Three Cheers for You

We've learned much this year and families, students, and faculty have made adjustments on many fronts. For those reasons, we're adjusting the academic calendar.

- Thursday, December 17, 2020 will be a half-day for Grades K-8, and High School is using the day for students to catch up on assignments and tutorials.

- Monday, January 4, 2021 will be an inservice day for faculty & staff to work together and prepare for the new year.

- Tuesday, January 5, 2021 will resume school post-Winter Break.
Take a step back to appreciate what this semester has asked and answered of us and for us. The choice to begin in remote mode way back in August evolved into a K-12 finish, substantially in-person, here near the eve of our winter holiday. Along the way, we built our experience base, benefited from expert medical counsel, and tested a range of educated hypotheses about making school function during a pandemic. We witnessed regional case numbers improve markedly before becoming far worse than ever, and we've weathered that storm, working day by day by day. In search of the consensus that will inform a successful approach from here forward, consider the following:
It turns out that masks really work. And keeping distance, and washing hands, and putting up with outdoor temps for at least part of each day. Our fundamental commitments to these basic mitigation measures, recently reaffirmed by this CDC summary, appear to be making a critically important difference. We're now acclimated to desk partitions in every classroom. We've been extra stingy about allowing anyone other than students, faculty, and staff on campus. We've modified every facet of familiar routines, largely with a ramped-up adult presence everywhere. Back in August, when we didn't know it all would work, we leaned on general sources like the Harvard Global Health Institute—making decisions based on what we knew then, as we opened incrementally, successfully. Now we know and understand so much more.
Communication is essential. As favorably inclined to write as I've been lo these many years, the past eight months are unprecedented in the sheer volume of messages sent your way—by my office, by our Division Heads, or our Health Team, and our teaching teams. We calibrate and recalibrate and adjust as we go—reluctant to ask one more thing of you at home but subject to changing circumstances and the need to rethink our plans. Two cases in point—we had planned a full school day for Thursday, December 17, 2020, but our faculty have asked for a schedule that finishes by noon that day, and after all they've done, I'm not going to say no (thank you After School for stepping in to help in the afternoon).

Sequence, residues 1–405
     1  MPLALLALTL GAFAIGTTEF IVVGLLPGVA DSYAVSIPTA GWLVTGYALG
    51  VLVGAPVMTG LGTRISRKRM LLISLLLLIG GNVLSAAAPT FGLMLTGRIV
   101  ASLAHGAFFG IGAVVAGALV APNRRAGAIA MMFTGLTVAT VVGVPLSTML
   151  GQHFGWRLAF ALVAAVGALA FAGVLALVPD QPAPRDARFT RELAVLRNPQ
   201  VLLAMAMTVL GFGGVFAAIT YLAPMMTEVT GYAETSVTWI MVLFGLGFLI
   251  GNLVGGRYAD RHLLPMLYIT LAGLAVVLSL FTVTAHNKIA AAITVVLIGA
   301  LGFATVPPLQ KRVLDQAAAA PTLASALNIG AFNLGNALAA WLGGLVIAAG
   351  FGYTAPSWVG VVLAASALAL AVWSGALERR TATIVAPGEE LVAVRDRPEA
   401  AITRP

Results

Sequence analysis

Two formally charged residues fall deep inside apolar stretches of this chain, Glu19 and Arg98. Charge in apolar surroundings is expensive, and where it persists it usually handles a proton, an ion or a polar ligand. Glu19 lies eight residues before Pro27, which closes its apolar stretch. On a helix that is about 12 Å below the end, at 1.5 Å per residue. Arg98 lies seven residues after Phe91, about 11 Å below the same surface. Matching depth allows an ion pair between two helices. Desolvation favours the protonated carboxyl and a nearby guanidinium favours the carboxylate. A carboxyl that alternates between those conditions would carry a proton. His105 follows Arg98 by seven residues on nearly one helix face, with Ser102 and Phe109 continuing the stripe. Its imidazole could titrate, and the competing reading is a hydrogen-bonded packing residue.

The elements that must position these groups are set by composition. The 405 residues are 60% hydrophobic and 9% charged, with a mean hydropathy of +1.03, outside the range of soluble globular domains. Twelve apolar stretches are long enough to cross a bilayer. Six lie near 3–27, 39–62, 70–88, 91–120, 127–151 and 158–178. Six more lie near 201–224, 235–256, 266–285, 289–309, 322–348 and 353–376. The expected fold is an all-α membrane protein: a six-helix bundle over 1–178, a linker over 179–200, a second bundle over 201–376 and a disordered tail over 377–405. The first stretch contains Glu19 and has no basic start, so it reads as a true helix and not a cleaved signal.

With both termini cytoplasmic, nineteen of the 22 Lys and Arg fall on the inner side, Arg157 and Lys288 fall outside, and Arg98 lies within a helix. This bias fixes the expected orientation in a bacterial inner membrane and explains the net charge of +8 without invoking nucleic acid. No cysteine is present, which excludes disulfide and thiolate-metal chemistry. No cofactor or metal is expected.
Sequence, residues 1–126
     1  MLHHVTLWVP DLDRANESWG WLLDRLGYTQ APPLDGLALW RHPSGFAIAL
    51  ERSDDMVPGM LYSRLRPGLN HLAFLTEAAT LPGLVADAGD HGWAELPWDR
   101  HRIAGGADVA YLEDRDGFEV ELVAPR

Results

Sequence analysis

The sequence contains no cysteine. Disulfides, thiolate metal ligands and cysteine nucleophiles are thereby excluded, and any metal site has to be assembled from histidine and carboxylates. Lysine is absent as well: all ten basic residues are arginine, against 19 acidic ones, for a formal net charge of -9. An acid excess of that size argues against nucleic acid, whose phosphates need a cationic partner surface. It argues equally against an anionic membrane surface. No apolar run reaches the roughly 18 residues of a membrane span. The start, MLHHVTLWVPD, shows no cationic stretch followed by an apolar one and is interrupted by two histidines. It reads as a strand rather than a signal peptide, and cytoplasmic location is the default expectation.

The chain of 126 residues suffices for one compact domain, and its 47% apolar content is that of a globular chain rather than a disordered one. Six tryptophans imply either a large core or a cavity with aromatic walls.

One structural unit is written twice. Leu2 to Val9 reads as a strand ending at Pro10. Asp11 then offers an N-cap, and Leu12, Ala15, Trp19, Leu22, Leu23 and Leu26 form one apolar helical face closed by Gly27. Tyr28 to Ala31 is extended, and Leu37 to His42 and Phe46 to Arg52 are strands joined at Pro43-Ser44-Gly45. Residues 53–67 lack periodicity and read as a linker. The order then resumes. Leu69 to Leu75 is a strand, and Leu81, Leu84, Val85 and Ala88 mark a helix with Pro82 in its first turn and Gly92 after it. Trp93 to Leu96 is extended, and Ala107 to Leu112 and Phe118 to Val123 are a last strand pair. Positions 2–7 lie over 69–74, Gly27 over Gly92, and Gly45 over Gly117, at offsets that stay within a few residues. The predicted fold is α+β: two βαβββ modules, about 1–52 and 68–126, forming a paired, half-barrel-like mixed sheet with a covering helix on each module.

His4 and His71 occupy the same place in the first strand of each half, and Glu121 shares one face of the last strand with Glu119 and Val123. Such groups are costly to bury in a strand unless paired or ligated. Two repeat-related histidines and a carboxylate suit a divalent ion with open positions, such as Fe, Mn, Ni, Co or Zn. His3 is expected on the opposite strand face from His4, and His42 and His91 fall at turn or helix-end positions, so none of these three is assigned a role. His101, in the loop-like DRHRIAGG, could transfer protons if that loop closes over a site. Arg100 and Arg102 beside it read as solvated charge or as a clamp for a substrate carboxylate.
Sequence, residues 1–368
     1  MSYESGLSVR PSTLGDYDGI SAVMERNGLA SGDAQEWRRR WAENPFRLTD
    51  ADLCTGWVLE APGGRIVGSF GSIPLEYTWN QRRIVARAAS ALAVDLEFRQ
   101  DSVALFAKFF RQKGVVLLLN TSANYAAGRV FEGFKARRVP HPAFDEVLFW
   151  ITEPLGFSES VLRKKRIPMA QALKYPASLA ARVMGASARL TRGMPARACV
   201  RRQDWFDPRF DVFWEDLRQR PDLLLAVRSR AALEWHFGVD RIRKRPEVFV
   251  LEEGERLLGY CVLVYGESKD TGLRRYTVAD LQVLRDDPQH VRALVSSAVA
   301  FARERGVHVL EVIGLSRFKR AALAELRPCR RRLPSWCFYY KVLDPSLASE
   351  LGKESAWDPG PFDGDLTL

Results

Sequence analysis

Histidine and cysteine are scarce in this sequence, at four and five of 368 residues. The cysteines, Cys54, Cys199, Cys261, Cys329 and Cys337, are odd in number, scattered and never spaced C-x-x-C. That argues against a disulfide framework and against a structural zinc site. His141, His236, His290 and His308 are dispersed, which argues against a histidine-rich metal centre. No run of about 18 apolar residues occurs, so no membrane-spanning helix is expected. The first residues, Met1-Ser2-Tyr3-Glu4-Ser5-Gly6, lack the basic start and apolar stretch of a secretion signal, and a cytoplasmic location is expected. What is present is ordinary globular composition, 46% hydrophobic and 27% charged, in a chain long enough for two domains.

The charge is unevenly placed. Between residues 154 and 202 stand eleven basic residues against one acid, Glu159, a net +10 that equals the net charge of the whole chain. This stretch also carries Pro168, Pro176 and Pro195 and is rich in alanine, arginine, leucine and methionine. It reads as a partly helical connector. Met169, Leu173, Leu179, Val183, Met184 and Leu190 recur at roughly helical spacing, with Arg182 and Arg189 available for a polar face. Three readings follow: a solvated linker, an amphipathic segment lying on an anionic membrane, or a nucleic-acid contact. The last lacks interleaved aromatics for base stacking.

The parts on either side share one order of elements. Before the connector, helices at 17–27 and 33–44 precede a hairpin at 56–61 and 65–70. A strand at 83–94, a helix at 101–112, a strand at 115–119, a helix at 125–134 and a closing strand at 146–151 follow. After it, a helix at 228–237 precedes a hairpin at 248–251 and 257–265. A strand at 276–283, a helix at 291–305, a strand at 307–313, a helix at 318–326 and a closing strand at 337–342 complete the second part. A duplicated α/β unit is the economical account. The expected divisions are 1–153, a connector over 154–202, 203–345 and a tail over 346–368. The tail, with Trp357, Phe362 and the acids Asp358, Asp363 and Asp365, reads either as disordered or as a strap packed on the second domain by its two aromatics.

The second similar instance is a request to schedule a day for teachers to meet and share best practices as we start the new semester. I've never been an add-a-day at the end of a break type of person, preferring to crank things up and reserve any such time for mid-run. But having eliminated late starts and other team meeting times in pursuit of more hours in class this fall, I'm conscious that we've missed the chance for more than scattered shop talk in the midst of the daily crush at USN. Now we have a far, far better sense of what works, and if ever there was a case to be made for a day to gather here together (several feet apart), this is the year. So we'll claim Monday, January 4, 2021 for that purpose—apologies in advance, but the big beneficiaries should be our students.
Calendar projections in general for the coming months continue to prove elusive. Even thinking of the next few weeks conjures all kinds of possible images for me, as it now seems like Thanksgiving came and went without a spike on top of the surge nationally—but Dr. Anthony Fauci's warnings resonate. Preparation for any eventuality should be our watchword, at home and at school. After what we've been through, it's hard to imagine anything being an unmanageable surprise. Let's just stay in touch and stay ready. For that matter, thanks again for reading these weekly updates.
By now you've probably heard or read about the swiss cheese theory of staying COVID-19 safe. The operative concept there stresses the importance of multiple lines of defense, combining to cover any holes created by any single shortcoming along the way. If you'd commit to help close up the holes and to build up the layers of mitigation, everyone wins. That's the story of the semester, at the center of the success we've experienced. If you've been an exemplar, stay strong. If you've been borrowing a little from the collective good work of the community, it's almost New Year's resolution time. Really—every choice carries potentially profound implications.
And on that note, make yourself read the most recent CDC travel guidance. If you're doing something exotic, let us help think through all the implications, and know that time is our ally if we plan right, together. If you're hunkering down, treasuring the absence of things to do, know how deeply that's respected on this end. You surely earned this respite. Let's finish strong and keep appreciating this opportunity to be in school. All best wishes for a restful, responsible, restorative break.
Back to the vaccine countdown,

More USN News

List of 5 news stories.


University School of Nashville

2000 Edgehill Avenue   Nashville, TN 37212     615/321-8000     Contact Us